Canon G7X For Snorkeling?
A Review

We own two of the new Canon G7X for snorkeling, with the Canon WP-DC54 housings. We waited five years for a new camera to come out that was worth upgrading to so we had high expectations. And after a thorough test, shooting thousands of pictures in St John for three weeks, and then in the Maldives for another three weeks, we are very pleased.

Canon G7X For Snorkeling

Why after so many years of using the Canon S90 did we finally upgrade? After all, there have been a lot of good cameras that have come out since then.

Well, essentially all the things we love about the Canon S series, including the more recent S120, have been improved.

There are a few negatives about the Canon G7X for snorkeling, but overall we are very happy with the camera.

Our Canon G7X Underwater
Picture Samples

First, check out these pictures we took with the cameras in St. John (we will add a link to more once we get them edited). The proof is in the pudding. We got a far higher percentage of usable pictures using the Canon G7X for snorkeling than any other camera we have ever used. You can click on the pictures to see them bigger.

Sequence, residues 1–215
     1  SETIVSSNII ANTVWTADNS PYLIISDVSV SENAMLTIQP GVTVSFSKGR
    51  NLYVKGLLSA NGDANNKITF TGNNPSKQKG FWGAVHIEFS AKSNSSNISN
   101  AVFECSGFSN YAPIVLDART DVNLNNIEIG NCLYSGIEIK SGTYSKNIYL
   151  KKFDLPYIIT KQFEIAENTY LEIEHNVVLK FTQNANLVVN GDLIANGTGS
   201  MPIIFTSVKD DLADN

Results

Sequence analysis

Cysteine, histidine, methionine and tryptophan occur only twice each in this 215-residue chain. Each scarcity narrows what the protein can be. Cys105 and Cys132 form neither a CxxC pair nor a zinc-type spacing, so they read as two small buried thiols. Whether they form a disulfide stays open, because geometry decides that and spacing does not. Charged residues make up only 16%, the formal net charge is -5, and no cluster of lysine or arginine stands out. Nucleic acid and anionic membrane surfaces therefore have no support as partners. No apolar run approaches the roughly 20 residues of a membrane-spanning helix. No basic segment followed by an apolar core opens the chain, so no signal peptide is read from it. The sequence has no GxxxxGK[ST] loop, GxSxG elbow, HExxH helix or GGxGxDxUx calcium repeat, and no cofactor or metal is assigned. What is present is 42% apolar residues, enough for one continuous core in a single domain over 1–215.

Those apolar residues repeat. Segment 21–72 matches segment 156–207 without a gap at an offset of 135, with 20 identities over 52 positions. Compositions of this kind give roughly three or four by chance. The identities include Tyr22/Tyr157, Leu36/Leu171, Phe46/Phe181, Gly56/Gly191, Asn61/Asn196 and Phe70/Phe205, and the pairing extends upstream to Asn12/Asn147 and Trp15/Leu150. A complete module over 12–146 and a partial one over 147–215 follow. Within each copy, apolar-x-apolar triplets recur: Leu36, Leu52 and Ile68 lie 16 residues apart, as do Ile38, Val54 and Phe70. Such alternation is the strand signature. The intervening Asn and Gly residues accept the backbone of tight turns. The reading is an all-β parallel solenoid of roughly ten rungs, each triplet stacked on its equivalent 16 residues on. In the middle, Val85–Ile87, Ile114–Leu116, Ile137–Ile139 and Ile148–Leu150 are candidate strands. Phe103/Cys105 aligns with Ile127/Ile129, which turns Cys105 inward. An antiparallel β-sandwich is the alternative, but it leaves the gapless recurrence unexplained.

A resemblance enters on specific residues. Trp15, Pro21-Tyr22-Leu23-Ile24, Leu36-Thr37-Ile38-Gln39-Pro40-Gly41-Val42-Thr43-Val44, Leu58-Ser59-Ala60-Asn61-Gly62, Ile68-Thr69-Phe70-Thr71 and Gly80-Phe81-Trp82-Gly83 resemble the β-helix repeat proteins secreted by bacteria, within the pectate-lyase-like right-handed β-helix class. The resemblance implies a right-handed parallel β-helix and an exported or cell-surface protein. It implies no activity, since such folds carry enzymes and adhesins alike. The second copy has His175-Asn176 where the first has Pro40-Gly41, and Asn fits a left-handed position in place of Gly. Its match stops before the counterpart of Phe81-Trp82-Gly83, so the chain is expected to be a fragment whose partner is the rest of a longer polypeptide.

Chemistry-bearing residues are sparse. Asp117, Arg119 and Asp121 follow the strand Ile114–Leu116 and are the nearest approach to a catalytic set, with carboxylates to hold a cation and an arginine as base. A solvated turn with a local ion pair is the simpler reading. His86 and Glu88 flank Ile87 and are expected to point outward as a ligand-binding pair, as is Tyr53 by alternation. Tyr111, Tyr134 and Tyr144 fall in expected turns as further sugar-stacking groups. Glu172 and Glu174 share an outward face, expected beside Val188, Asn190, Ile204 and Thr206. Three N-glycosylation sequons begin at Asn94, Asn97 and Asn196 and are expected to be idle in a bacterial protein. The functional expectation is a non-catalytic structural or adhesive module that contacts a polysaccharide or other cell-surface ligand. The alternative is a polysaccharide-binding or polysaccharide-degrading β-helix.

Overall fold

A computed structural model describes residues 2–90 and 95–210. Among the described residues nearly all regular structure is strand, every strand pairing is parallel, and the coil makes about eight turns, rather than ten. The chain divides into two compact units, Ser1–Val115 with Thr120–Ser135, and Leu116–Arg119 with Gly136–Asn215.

Beautiful Soft & Hard Corals - St John
Amazing colors from the G7X
Fine Details & Colors - Caribbean Reef Squid
Octopus - St John

Why We Like The Canon G7X For Snorkeling?

The most standout feature of the G7X versus most other compact cameras is that it has a 1 inch sensor, yet remains compact. One benefit of that is that you can crop into a picture and retain detail, which is great for fish pictures, like the sample below.

Far Away From Fish
Cropped version of last picture showing lots of detail.

In our tests the camera took excellent pictures. The focusing was fast, the shooting speeds were fast, the dedicated video button is great, as is the quality of the video. We thought the camera and housing might be too big, but it ended up not bothering us at all.

Probably one of the best features of the camera is it's excellent underwater white balance. We got great colors. You can just set the white balance to the underwater mode. Or you can easily set custom white balance with one button push (which is not true for the G7X II). And you can easily fine tune both settings.